## Computing the Complexity of Natural Numbers - arXiv

In. Section 2 we present a version of these algorithms and in Section 4 it is shown that they run in time O(NÎ±) and space O(N log log N). (Here Î± = 1.230175).

ALGORITHMS FOR DETERMINING INTEGER COMPLEXITY J. ARIAS DE REYNA AND J. VAN DE LUNE

arXiv:1404.2183v2 [math.NT] 20 Apr 2014

Introduction. The complexity knk of a natural number n is defined as the least number of 1’s needed to express the positive integer n using only the two operations + and × and parentheses. At present there is a growing literature about this topic. For details we refer to , , , , , . We present three algorithms to compute the complexity knk of all natural numbers n ≤ N . The first of them is a brute force algorithm, computing all these complexities in time O(N 2 ) and space O(N log2 N ). The main problem of this algorithm is the time needed for the computation. In 2008 there appeared three independent solutions to this problem: , , . All three are very similar. Only  gives an estimation of the performance of its algorithm, proving that the algorithm computes the complexities in time O(N 1+β ), where 1 + β = log 3/ log 2 ≈ 1.584963. The other two algorithms, presented in  and , were very similar but both superior to the one in . In Section 2 we present a version of these algorithms and in Section 4 it is shown that they run in time O(N α ) and space O(N log log N ). (Here α = 1.230175). The authors of the present paper, at the moment of sending  to a journal (Oct. 2008) saw Martin N. Fuller’s program  posted in the OEIS. Recognizing the similarity of our own approach in  we contacted Fuller and proposed to publish our results jointly. This started a very active collaboration, improving the results in  and . The main problem with the algorithm presented in Section 2 concerned the space requirement. In  Fuller has given the idea of how to reduce the space requirements. He then programmed this improved algorithm and used it to compute the complexities for all n ≤ 1011 . For some reason (unknown to us) there was an interruption of this collaboration after which we could not contact Fuller any more. The present paper is the result of the above collaboration and we both think that Fuller should have been the main author of this paper. Of course he is not responsible for any errors contained in it. In Section 2 we present the algorithm of  and . The main advantage of this algorithm with respect to that in  is the definition of kMax in Section 2.7. This explains the difference in performance from O(N 1+β ) to O(N α ). In Section 3 we present a detailed description of this space-improved algorithm of Fuller and in Section 5 we prove that it runs in time O(N α ) and space O(N (1+β)/2 log log N ), where α = 1.230175 and (1 + β)/2 ≈ 0.792481. 1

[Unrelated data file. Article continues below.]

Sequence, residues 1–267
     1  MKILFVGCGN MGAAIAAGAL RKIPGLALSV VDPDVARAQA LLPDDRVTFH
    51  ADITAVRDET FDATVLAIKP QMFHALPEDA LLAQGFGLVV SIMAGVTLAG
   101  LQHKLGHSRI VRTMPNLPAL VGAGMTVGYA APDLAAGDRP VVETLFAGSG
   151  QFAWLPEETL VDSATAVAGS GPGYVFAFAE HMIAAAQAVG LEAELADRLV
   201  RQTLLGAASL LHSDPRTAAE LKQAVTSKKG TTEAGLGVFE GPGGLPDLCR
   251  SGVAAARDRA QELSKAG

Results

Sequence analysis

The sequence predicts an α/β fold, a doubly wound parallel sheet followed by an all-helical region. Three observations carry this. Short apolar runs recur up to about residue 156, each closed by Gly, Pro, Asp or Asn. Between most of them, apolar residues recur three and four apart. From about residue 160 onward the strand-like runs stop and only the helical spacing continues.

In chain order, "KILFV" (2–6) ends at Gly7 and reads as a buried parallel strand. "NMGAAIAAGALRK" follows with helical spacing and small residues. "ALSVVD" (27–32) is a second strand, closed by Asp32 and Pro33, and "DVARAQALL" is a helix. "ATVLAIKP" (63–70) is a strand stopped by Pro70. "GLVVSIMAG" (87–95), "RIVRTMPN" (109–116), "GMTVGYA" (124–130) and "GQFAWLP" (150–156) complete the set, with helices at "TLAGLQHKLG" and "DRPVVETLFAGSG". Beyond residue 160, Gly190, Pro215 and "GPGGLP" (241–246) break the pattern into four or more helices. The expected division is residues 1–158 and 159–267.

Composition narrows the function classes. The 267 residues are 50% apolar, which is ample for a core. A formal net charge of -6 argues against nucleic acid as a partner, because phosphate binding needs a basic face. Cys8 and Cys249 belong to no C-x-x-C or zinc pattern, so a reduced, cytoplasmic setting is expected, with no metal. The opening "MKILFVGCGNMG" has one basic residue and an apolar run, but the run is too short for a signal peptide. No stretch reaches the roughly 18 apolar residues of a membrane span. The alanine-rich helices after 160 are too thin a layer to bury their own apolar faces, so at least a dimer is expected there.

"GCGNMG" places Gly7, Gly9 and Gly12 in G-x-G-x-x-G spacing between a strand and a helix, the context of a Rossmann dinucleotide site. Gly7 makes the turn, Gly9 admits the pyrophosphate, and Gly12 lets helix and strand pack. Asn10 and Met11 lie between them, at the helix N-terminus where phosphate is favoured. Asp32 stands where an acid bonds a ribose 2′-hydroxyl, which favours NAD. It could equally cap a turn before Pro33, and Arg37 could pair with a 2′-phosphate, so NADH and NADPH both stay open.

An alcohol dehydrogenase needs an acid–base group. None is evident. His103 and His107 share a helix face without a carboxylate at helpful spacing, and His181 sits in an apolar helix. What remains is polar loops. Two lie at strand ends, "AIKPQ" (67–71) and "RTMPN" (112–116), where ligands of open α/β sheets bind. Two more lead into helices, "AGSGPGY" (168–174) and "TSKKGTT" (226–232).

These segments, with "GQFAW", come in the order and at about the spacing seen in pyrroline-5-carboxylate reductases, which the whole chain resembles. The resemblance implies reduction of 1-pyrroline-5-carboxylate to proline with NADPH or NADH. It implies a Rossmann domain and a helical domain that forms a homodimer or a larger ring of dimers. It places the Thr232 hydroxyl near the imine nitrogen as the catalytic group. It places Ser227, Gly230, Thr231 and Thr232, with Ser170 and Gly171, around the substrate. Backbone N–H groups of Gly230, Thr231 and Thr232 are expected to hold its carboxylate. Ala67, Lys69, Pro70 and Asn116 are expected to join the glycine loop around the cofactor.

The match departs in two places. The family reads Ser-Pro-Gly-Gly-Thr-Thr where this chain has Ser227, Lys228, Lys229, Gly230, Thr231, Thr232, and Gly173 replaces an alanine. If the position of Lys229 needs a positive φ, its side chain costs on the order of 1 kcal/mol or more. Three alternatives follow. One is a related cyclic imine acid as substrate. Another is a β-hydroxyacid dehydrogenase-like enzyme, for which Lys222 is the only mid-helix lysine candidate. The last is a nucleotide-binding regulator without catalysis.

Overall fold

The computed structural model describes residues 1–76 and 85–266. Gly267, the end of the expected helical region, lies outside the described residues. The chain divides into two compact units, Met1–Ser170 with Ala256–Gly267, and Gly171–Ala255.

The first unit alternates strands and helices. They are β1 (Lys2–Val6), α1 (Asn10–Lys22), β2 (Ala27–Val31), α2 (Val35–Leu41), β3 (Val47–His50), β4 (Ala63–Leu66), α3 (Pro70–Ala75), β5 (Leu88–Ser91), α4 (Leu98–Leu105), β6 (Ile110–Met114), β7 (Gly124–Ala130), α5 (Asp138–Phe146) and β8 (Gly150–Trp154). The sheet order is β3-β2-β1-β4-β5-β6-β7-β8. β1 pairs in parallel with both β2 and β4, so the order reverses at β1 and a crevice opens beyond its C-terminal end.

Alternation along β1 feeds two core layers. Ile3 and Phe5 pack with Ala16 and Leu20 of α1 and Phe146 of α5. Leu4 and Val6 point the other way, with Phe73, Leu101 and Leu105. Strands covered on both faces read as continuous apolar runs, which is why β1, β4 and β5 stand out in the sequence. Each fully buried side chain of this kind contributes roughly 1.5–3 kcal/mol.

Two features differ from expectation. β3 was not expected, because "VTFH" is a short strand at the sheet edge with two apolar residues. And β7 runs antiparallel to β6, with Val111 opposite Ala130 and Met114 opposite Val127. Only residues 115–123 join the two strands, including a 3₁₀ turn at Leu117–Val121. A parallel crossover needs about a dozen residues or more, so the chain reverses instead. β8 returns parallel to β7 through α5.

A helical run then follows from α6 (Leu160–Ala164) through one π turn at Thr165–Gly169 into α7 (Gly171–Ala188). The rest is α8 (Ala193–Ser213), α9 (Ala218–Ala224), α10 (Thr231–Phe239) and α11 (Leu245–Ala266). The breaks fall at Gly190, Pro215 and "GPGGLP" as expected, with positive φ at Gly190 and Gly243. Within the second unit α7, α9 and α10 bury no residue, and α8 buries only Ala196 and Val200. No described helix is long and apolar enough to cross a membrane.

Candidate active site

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We have delayed the publication of the present paper in the hope of again getting in contact with M. Fuller. In the mean time it has been published  where the computation of the complexities of all n ≤ 1012 is announced. In  it is said that they have used an algorithm inspired by the description in  of the space-improved algorithm of Fuller, but do not give a detailed description of their algorithm. The results proved in this paper about the performance of the algorithms are not trivial and are still missing. There are many known results about the complexity of natural numbers. We will use the inequality knk ≤ 3 log2 n for n > 1, which appeared first in . Since we try to explain two algorithms, we have tried to concentrate on explaining things to human beings how to proceed instead of trying to explain to a computer. This is the definition of Literate programming. We follow the recommendations of Knuth in . The full power of these programs will be apparent when implemented in a language such as C or Pascal, but to explain the algorithm we have preferred Python as a language. In this way we can concentrate on the computations needed and not on the manipulation of data. To one not used to Python it is a very simple language, the main difficulty possibly being that the scopes of the for, while, etc. loops are indicated by indentations. We also note that for integers a and b Python defines a/b as ⌊ ab ⌋. 1. Brute force algorithm. This is the algorithm used in  to compute the values of knk for 1 ≤ n ≤ nMax with nMax = 200 000. It is based on the fact that k1k = 1, and (also see Section 2.1) (1)

knk =

≡ nMax = 20000 Compl = { } s = range ( nMax + 1 ) divisors = [[ 1 ] for n in s ] for k in range (2 , nMax + 1 ): j=1 m = k while m x1 we will get E(t) + E(kn − 1k − t) < n, so that we end the while loop with a value t = te such that 3te ≤ x1 . Then q  n 1 − 1 − 4 · 3kn−1k/3 /n2 . (5) kMax = E(te ) ≤ 3te /3 ≤ x1 = 2 While computing the needed complexities one may check that (4) is also true for 3 ≤ n ≤ 31.  Corollary 4. For n ≥ 2 we have kMax ≤ 2nβ where β =